Visual Arts

Phoenix's Heard Museum to Remodel with $1.25 Million Piper Trust Grant

The Heard Museum in central Phoenix announced on June 22 that it received a $1.25 million grant from the Virginia G. Piper Charitable Trust. The grant money will be used to combine two existing galleries into a single larger space that will accommodate bigger exhibitions and allow for greater integration of technology.

It’s one of 10 arts and culture grants awarded by the trust during its October of 2014 to March of 2015 funding cycle. The Heard Museum received more than half the total $2,201,000 awarded in the arts and culture sector during this cycle. This arts and culture funding was part of the total $7.6 million awarded by the trust during this time. Only the Heard Museum and the Franciscan Renewal Center, which received a $2 million grant, were awarded more than $1 million of this total.

The Virginia G. Piper Charitable Trust, which bears the name of the Paradise Valley philanthropist who founded it in 1995, supports organizations that "enrich health, well-being, and opportunity" for people living in Maricopa County through grants and leadership support to non-profits working in several sectors which also include children, education, health care and medical research, older adults, and religious organizations.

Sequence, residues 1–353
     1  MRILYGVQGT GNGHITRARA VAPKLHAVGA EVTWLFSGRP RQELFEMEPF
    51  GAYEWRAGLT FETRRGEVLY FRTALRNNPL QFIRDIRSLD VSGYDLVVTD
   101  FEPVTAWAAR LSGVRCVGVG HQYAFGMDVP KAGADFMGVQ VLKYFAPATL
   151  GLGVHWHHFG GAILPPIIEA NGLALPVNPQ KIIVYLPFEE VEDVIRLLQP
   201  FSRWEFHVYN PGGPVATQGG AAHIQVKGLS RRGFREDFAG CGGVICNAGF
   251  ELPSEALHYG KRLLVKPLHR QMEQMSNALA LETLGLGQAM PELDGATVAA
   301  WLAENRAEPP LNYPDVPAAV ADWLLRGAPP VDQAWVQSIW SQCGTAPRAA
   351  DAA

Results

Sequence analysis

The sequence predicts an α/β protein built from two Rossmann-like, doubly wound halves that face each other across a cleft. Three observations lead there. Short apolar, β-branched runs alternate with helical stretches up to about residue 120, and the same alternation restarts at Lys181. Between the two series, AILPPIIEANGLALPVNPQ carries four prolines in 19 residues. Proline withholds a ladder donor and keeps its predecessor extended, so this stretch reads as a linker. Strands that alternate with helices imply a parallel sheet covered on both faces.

The Heard Museum will use its grant funding to create a single “grand gallery” comprising the current footprint of the Lincoln and Ullman galleries, according to John Bulla, the interim director and CEO for the museum who previously headed museum operations.

Located on the main floor in the eastern section of the museum, the Lincoln Gallery currently houses a temporary exhibition called “Super Heroes: Art, Action, Adventure!” and the Ullman Learning Center is currently home to “We Are! Arizona’s First People.”

The latter includes displays highlighting all 22 of the Arizona’s federally-recognized tribal communities as well as a mural created in 2000 by local artist Steve Yazzie, who co-founded with Angela Ellsworth of The Museum of Walking. Yazzie's mural wraps the top portion of three adjoining walls. Titled Fear of a Red Planet: Relocation and Removal, the oil and acrylic on canvas piece took six months to complete and was inspired by stories of the Navajo and Yaqui Colorado River people during the boarding school period.